This is precisely the situation faced by the U.S. housing market today. Even with the abolition of zoning laws and well-targeted interventions by the government, housing would remain largely restricted to what experts call “stick-built housing,” when buildings are constructed on-site by traditional construction methods. This method requires highly skilled, frequently unionized workers to produce homes on-site. Pre-fabricated factory-built housing, by contrast, costs about 1/3 as much per square foot, but nevertheless constitutes about 10 percent of new single-family home construction, down from 60 percent in the early 1970s.

Factory-built housing units, 1947-2016. Source: James Schmitz, FRB Minneapolis.

Why the decline? Research by economist Jim Schmitz at the Federal Reserve Bank of Minneapolis highlights that the prevalence of stick-built housing is a function of monopolistic behavior by construction companies and government policy, particularly the National Association of Home Builders (NAHB) and the Department of Housing and Urban Development (HUD). This happened in a couple of steps.

First, HUD developed Section 235 in 1968, a program that substantially subsidized mortgages on stick-built but not factory-built homes. Given the relative inefficiency of stick-built production, this program effectively subsidized a low-productivity technology at the cost of other, more efficient production methods.

Second, HUD and NAHB pushed the National Manufactured Housing Construction and Safety Standards Act of 1974 through Congress. The act effectively operates as a national zoning ordinance and restricts the production of factory-built homes substantially by requiring such homes to meet certain standards. At the time, factory-built housing competed with stick-built housing largely in low-density areas, many of which had no zoning laws to begin with. Before factory-built housing could make headway into urban areas, it was strangled in the crib.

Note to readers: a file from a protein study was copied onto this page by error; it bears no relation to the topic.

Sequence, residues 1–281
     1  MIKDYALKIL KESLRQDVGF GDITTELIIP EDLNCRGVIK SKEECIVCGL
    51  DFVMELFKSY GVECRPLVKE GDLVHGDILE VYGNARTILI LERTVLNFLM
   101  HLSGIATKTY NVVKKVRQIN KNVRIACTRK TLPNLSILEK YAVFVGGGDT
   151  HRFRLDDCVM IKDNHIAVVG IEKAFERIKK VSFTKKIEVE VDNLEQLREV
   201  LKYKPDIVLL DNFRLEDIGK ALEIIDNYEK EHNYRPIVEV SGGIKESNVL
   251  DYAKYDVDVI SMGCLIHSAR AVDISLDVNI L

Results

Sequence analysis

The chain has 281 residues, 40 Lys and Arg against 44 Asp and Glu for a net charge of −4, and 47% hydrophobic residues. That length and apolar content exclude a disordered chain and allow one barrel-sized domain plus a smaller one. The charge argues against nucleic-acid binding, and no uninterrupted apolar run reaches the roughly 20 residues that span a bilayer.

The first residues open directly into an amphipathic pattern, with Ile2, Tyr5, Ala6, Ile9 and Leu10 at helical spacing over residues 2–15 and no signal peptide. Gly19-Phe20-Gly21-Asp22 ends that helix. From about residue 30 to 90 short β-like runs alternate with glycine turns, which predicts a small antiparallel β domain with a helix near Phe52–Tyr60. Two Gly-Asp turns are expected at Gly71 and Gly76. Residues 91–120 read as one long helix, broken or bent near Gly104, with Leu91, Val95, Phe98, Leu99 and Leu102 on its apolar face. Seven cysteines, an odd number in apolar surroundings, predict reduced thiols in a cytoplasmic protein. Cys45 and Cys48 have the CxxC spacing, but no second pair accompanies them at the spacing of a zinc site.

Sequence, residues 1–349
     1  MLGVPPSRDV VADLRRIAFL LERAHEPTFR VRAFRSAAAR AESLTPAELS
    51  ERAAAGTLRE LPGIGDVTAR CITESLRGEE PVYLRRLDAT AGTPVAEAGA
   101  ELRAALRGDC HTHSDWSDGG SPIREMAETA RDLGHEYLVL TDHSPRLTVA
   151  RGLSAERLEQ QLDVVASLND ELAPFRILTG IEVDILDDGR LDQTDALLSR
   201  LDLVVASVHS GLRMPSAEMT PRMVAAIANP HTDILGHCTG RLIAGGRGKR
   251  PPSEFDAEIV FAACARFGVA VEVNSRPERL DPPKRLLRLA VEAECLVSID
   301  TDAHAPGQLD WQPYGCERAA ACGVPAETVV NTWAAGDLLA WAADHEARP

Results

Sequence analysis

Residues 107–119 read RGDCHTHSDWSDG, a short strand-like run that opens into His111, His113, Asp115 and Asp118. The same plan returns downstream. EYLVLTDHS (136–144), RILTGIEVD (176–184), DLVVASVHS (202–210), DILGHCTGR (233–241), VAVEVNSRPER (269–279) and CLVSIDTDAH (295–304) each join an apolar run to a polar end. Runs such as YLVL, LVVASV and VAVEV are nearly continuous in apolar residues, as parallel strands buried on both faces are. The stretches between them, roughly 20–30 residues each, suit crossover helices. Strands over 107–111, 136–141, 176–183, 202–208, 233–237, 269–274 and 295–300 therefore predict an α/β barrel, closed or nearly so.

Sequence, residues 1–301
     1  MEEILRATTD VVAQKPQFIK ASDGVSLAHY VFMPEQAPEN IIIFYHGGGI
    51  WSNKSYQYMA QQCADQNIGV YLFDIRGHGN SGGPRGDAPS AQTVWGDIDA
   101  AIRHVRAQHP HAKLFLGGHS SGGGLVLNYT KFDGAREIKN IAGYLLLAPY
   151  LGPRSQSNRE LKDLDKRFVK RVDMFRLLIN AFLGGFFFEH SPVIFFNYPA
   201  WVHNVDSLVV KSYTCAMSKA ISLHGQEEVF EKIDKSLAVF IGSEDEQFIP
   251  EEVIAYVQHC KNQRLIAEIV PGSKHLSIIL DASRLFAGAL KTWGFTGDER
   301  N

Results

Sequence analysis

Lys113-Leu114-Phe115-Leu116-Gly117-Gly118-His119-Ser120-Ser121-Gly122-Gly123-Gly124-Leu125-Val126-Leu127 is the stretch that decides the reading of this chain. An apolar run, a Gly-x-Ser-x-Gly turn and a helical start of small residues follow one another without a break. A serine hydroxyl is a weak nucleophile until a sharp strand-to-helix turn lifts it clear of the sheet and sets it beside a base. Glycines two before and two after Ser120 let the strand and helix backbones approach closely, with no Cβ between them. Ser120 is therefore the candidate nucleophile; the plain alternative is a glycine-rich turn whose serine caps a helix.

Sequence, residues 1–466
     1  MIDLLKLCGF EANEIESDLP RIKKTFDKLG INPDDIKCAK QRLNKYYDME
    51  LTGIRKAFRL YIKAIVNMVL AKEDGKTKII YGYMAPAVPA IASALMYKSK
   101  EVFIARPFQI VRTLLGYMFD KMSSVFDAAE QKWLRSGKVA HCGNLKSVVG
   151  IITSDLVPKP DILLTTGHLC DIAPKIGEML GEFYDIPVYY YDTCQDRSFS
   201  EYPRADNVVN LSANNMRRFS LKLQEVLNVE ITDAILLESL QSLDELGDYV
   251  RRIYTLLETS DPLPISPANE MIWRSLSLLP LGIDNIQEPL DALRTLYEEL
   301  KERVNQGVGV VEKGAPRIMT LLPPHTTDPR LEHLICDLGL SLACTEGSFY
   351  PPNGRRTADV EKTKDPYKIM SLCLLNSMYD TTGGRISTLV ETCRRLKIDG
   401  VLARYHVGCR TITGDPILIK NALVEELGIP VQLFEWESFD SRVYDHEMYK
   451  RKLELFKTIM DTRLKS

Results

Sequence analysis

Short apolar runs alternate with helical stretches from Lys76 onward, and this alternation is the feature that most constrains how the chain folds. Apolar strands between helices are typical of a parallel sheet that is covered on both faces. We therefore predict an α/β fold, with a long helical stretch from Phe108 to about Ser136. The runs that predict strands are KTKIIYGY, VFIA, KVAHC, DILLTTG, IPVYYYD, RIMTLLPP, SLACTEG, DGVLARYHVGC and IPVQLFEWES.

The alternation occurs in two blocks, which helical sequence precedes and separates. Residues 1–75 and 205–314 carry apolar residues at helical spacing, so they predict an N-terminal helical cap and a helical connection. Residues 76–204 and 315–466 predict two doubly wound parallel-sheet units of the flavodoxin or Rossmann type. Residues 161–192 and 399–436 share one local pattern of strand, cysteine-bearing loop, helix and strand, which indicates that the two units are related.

Zooming out, why does this matter for productivity and efficiency? To steal an example from Schmitz, it is as if Toyota is required to assemble a Camry in a driveway rather than in a factory. It is therefore no surprise that housing production is needlessly expensive. It is challenging to think of how, for example, apartment buildings would be factory-built. But that’s precisely the point: restrictions on production methods over the past half-century have restricted the creativity that follows from the freedom to innovate and the productivity growth that follows, leaving us without whatever the housing analog is to the iPhone.

These restrictions on factory-built housing may also affect emerging 21st-century technologies, like the 3D-printed houses pioneered by Austin-based ICON, that promise to further reduce the cost of home construction.

Housing, even with loosened zoning rules, is today stuck with production methods better suited for the eighteenth century. It is time for governments to allow housing construction to regain its place at the forefront of modern industrial production methods. Empirically, this is how we have achieved productivity growth in every other sector of the economy.